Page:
Will the Lord President give us an early day after our return in the autumn for a discussion of the Master-man Report, and could he, in addition, give the House an undertaking—I hope that he will be able to do so—that no restrictions will be enforced until the House has had an opportunity to discuss that report?
The Government are considering the representations made by the Staff Side at a meeting of the National Whitley Council held on 22nd July. Meanwhile, it has been agreed that no action will be taken to put the Committee's recommendations into effect until another meeting of the National Whitley Council takes place. In the circumstances I think that the House will agree that any Debate at this stage would be inappropriate, and it would perhaps be wiser to wait and see what the result of those discussions are.
I am sure that the right hon. Gentleman has in mind what I was anxious to safeguard. There is to be this further meeting of the Whitley Council. I should like to be assured that no action will follow that meeting until this House has had a chance to examine and discuss the report.
Will my right hon. Friend consider the possibility of giving time after the Recess for a Debate on the Motion about tied public houses standing in the names of many of my hon. Friends and a few of my right hon. Friends and in the names of Members of other parties and of Independent Members?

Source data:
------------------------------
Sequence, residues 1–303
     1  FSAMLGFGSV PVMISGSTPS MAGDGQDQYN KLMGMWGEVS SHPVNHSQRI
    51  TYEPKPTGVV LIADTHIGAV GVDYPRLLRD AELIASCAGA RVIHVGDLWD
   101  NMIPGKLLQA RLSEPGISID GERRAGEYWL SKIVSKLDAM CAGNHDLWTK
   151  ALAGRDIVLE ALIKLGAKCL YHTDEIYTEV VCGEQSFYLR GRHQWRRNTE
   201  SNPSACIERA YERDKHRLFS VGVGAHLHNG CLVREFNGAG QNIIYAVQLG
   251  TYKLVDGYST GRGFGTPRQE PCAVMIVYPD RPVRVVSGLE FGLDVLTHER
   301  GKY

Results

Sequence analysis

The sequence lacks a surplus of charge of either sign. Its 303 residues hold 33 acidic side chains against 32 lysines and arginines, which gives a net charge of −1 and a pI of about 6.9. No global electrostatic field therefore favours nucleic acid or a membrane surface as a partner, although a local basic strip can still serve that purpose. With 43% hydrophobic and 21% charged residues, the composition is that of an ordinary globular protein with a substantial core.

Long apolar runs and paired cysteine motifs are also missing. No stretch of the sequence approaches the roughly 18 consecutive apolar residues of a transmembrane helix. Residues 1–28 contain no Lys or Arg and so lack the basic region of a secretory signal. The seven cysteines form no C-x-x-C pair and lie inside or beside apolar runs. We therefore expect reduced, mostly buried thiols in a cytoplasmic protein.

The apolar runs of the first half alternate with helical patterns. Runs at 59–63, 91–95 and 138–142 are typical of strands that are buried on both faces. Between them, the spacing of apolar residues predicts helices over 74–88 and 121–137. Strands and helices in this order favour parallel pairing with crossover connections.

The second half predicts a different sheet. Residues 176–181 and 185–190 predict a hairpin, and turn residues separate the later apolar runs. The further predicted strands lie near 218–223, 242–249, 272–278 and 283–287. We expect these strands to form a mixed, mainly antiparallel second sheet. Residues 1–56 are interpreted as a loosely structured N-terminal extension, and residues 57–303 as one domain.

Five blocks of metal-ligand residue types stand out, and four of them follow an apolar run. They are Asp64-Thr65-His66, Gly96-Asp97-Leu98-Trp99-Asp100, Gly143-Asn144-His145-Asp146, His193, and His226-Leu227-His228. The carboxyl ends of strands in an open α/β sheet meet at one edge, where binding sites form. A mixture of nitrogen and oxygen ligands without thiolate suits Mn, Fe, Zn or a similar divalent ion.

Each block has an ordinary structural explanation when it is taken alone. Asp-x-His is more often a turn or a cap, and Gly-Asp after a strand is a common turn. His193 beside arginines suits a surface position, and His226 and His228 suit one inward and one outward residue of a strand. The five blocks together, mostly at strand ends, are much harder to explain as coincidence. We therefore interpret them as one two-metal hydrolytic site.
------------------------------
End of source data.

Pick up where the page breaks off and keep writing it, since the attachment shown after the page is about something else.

[That this House condemns the Tied Public House system, as at present operated, in that it deprives the customer of his freedom of choice of alcoholic and non-alcoholic beverages alike, tends to restrict the provision of food and accommodation, increases by monopolist practices the price of refreshments to the customer and does not furnish sufficient security of tenure to the publican; and that therefore this House calls upon His Majesty's Government to inquire into the Tied House system and other restrictive practices of Brewers and to introduce, where necessary, remedial legislation.]
I am glad to hear of my hon. Friend's representative character. We shall give the point consideration, but I think we shall have a fair amount of Business when we come back, and my hon. Friend must forgive me if I do not make a firm promise. We shall keep the point in mind.
In view of the fact that scores of East Anglian villages have no water, may I ask the right hon. Gentleman if he will treat as urgent the question of giving us an opportunity after the Recess to discuss the supply of water in rural areas? Further, may I ask if the right hon. Gentleman can tell the House when it is intended to take the Adjournment Motion, and if it is the intention of the Government to make a statement on any arrangements for the recall of the House during the Summer Recess if there should be a crisis emergency?
The Adjournment Motion will be taken tomorrow, and the Government will, of course, give proper assurances on the point which the hon. Member has mentioned. With regard to water, I think we had better wait until our return. It may be that we shall have a heavy rainfall by then, which would, I think, be welcomed by all.